Add-PSSnapin Citrix.Authentication.FederatedAuthenticationService.V1

  1. Create a variable to hold the local FAS server’s address (if this is the second FAS server in a group of more than one, replace [0] with [1] below:

$CitrixFasAddress=(Get-FasServer)[0].Address

Address : yourfasnode01.yourdomain.com
Index : 0
Version : 1
MaintenanceMode : False
AdministrationACL : O:BAG:DUD:P(A;OICI;SW;;;BA)

  1. Get the existing FAS certificate ID

Get-FasAuthorizationCertificate

Id : 1c67270b-d2f4-4543-919b-519cb5470612
Address : yourdomainca01.yourdomain.com\yourcompany-yourdomainca01-CA
TrustArea : bb6b4e47-c5b3-4a6a-9a50-eb6a02a05c3c
CertificateRequest :
Status : MaintenanceDue

  1. Generate a new FAS certificate request against the CA. Both the existing certificate and new certificate request IDs will be shown.

New-FasAuthorizationCertificate -CertificateAuthority yourdomainca01.yourdomain.com\yourcompany-yourdomainca01-CA -CertificateTemplate Citrix_RegistrationAuthority

Id : 1c67270b-d2f4-4543-919b-519cb5470612
Address : yourdomainca01.yourdomain.com\yourcompany-yourdomainca01-CA
TrustArea : bb6b4e47-c5b3-4a6a-9a50-eb6a02a05c3c
CertificateRequest :
Status : MaintenanceDue

Id : 2c113327-1c73-2ca4-44a3-3c12da3963b5
Address : yourdomainca01.yourdomain.com\yourcompany-yourdomainca01-CA
TrustArea : 66a8d3fe-7bdb-4003-8220-cd11f7685b92
CertificateRequest :
Status : WaitingForApproval

  1. Log in to the certificate authority and locate the pending certificate request. Select the item, right click and choose and choose ‘Issue’. Wait a minute or two then continue.
  2. Repeat the process to retrieve the FAS authorisation certificates and notice that the status of the newly issued one should have changed from ‘WaitingForApproval’ to ‘Ok’.

Get-FasAuthorizationCertificate

Id : 1c67270b-d2f4-4543-919b-519cb5470612
Address : yourdomainca01.yourdomain.com\yourcompany-yourdomainca01-CA
TrustArea : bb6b4e47-c5b3-4a6a-9a50-eb6a02a05c3c
CertificateRequest :
Status : MaintenanceDue

Id : 2c113327-1c73-2ca4-44a3-3c12da3963b5
Address : yourdomainca01.yourdomain.com\yourcompany-yourdomainca01-CA
TrustArea : 66a8d3fe-7bdb-4003-8220-cd11f7685b92
CertificateRequest :
Status : Ok

  1. Set the local FAS server into maintenance mode:

Set-FasServer -Address $CitrixFasAddress -MaintenanceMode $true

  1. Get the FAS certificate definition rule, this points at the existing FAS authorisation certificate:

Get-FasCertificateDefinition

Name : default_Definition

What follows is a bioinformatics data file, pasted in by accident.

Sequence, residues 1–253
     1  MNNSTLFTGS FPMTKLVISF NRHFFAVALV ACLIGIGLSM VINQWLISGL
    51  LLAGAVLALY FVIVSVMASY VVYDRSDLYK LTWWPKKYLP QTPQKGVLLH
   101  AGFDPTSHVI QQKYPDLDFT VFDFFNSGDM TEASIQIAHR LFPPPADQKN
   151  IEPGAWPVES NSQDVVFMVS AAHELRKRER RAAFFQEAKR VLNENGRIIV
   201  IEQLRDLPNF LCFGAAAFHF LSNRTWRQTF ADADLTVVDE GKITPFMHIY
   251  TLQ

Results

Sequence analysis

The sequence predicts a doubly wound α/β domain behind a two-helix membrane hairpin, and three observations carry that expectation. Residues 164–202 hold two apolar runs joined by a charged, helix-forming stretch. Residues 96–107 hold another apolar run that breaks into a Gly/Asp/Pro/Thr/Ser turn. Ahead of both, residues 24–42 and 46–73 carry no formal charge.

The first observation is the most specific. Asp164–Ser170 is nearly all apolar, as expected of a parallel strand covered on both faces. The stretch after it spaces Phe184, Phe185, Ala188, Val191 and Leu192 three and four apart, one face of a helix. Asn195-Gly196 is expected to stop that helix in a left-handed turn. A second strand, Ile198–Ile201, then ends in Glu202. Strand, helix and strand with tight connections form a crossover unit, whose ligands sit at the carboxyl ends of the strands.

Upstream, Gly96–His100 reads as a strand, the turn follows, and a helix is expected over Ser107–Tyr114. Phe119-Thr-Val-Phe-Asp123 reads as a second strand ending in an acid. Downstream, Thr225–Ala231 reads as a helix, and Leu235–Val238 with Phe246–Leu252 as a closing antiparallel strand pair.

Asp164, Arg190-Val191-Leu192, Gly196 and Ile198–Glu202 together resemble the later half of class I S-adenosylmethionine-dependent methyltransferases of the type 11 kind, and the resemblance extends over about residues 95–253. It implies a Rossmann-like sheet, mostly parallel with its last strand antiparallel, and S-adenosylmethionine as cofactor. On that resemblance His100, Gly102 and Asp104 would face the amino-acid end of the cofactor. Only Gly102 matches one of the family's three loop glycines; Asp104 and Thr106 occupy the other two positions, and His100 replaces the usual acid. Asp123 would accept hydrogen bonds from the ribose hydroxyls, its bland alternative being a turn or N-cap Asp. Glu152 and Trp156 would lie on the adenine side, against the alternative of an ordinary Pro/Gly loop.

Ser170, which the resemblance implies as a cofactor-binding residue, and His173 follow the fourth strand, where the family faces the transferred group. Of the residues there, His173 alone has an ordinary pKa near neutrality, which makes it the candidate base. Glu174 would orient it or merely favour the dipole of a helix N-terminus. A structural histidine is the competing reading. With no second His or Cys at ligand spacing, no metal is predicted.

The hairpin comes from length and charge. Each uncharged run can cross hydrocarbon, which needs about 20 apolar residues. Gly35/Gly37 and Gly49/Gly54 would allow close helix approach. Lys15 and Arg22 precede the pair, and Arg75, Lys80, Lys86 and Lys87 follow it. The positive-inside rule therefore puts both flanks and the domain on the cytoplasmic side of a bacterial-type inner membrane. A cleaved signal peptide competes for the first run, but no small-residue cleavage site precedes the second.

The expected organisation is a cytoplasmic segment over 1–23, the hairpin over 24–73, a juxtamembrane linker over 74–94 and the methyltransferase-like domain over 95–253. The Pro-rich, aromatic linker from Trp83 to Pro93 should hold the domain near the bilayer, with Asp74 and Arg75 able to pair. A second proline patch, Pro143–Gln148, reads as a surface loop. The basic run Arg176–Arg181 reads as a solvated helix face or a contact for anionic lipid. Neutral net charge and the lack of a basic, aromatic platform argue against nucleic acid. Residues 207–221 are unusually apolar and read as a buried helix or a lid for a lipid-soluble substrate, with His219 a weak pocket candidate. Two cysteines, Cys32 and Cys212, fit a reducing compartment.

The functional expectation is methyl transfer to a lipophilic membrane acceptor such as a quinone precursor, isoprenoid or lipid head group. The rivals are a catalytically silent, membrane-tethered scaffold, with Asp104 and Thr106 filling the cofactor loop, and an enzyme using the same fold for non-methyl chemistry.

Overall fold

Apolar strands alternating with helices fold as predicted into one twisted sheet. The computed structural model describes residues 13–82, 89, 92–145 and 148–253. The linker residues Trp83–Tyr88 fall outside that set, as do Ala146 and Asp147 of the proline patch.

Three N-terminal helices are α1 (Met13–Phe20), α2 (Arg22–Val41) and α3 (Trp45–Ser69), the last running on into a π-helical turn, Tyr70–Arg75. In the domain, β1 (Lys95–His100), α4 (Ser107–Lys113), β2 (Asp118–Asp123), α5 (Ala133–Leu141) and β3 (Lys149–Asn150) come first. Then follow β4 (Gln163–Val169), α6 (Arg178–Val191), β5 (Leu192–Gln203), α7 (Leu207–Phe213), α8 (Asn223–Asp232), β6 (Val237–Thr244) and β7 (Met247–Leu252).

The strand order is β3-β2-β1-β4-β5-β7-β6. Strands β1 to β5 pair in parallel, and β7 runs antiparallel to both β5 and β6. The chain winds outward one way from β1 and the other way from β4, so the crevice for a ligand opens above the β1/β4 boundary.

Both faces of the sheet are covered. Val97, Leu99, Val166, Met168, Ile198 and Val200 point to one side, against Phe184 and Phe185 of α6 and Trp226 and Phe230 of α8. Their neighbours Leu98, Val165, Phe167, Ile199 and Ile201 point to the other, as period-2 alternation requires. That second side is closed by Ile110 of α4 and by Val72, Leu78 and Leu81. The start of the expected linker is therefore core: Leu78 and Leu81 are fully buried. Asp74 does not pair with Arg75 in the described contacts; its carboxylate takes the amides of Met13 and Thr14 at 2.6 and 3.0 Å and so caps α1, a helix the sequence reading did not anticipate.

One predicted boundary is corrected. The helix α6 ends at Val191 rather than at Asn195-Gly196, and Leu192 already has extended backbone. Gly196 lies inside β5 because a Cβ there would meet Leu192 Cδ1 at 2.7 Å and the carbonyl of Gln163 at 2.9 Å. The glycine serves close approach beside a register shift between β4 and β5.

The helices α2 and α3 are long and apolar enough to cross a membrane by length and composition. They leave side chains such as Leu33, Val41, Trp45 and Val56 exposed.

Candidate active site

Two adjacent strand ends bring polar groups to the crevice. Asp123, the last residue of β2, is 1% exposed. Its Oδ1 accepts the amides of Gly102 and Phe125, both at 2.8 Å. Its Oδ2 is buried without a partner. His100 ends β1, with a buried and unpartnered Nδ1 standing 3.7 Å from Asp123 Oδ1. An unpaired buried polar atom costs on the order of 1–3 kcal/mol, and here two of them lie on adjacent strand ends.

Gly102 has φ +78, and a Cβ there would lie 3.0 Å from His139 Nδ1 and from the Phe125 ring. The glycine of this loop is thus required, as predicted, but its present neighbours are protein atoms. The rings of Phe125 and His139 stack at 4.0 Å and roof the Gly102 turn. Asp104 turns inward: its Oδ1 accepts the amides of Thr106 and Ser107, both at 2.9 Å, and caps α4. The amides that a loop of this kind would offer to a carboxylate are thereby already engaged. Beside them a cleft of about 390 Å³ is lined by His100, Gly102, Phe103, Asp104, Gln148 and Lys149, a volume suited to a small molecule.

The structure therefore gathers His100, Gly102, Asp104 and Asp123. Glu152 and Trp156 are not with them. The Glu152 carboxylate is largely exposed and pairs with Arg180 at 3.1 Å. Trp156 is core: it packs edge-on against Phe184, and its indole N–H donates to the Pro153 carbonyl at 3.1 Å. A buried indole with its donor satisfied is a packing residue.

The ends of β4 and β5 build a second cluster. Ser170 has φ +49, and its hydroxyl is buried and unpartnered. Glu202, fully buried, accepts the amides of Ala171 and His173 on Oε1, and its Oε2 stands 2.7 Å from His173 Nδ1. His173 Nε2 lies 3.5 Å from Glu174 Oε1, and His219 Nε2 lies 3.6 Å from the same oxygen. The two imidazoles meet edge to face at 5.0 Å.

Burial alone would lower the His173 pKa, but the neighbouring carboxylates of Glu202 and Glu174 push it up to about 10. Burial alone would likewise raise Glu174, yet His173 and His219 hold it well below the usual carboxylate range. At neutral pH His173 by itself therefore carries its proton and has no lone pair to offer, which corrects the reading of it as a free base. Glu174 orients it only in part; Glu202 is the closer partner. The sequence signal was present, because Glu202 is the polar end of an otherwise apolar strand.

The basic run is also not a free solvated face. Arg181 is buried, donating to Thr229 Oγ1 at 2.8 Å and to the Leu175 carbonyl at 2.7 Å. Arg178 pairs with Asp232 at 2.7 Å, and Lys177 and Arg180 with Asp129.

CertificateAuthorities : {yourdomainca01.yourdomain.com\yourcompany-yourdomainca01-CA}
MsTemplate : Citrix_SmartcardLogon
AuthorizationCertificate : 1c67270b-d2f4-4543-919b-519cb5470612
PolicyOids : {}
InSession : False

  1. Create a variable to store the FAS certificate authority address:

$DefaultCA=(Get-FasMsCertificateAuthority -Default).Address

  1. Update the existing FAS certificate definition to use the new FAS certificate ID

Set-FasCertificateDefinition -Name default_Definition -AuthorizationCertificate 2c113327-1c73-2ca4-44a3-3c12da3963b5

  1. Get the FAS certificate definition rule, this should now point at the new FAS authorisation certificate:

Get-FasCertificateDefinition

Name : default_Definition
CertificateAuthorities : {yourdomainca01.yourdomain.com\yourcompany-yourdomainca01-CA}
MsTemplate : Citrix_SmartcardLogon
AuthorizationCertificate : 2c113327-1c73-2ca4-44a3-3c12da3963b5
PolicyOids : {}
InSession : False

  1. Remove the maintenance mode flag on the local FAS server:

Set-FasServer -Address $CitrixFasAddress -MaintenanceMode $false

  1. Remove the original FAS authorisation certificate (no longer required)

Remove-FasAuthorizationCertificate -Id 1c67270b-d2f4-4543-919b-519cb5470612

Citrix Advanced Session policy equivalents of default Classic expressions

A customer of mine recently asked for some help understanding why Citrix Gateway was not allowing external logons anymore, possibly combined with a recent upgrade to Citrix ADC VPX 13.0 Build 82.42.

He pointed out that there was an entry within the ns.log file which complained about a problem with ‘Ica mode status’, shown below:

Aug 6 11:39:59 192.168.200.191 08/06/2021:09:39:59 GMT citrix-netscaler 0-PPE-0 : default SSLVPN Message 586 0 : "Ica mode status is not okay"

Investigating further we could identify both successful LDAP authentication (basic LDAP auth attached directly to the Citrix Gateway vserver) and STA lookup, but the ADC wasn’t actually requesting any pages from the Storefront server URL defined in the session profile.

Searching for the error itself yielded one result which referred in particular to ‘Ica mode status’ :

https://support.citrix.com/article/CTX291268

Point #2 in the solution referred to switching the Classic expression in the session policy to an Advanced policy, however you cannot modify an existing policy without it switching back to the original setting. In order to bypass this limitation, create new session policies which use the Advanced expression equivalents to those created by the Citrix XenApp and XenDesktop ADC wizard available in the appliance.

See below screenshot for the before (first 2) and after (latter 2) Classic/Advanced equivalents.

Before (classic)

add vpn sessionPolicy PL_OS_192.168.200.190 "REQ.HTTP.HEADER User-Agent CONTAINS CitrixReceiver" AC_OS_192.168.200.190
add vpn sessionPolicy PL_WB_192.168.200.190 "REQ.HTTP.HEADER User-Agent NOTCONTAINS CitrixReceiver && REQ.HTTP.HEADER Referer EXISTS" AC_WB_192.168.200.190

After (advanced)

add vpn sessionPolicy PL_OS_192.168.200.190_Advanced "HTTP.REQ.HEADER(\"User-Agent\").CONTAINS(\"CitrixReceiver\")" AC_OS_192.168.200.190
add vpn sessionPolicy PL_WB_192.168.200.190_Advanced "HTTP.REQ.HEADER(\"User-Agent\").CONTAINS(\"CitrixReceiver\").NOT" AC_WB_192.168.200.190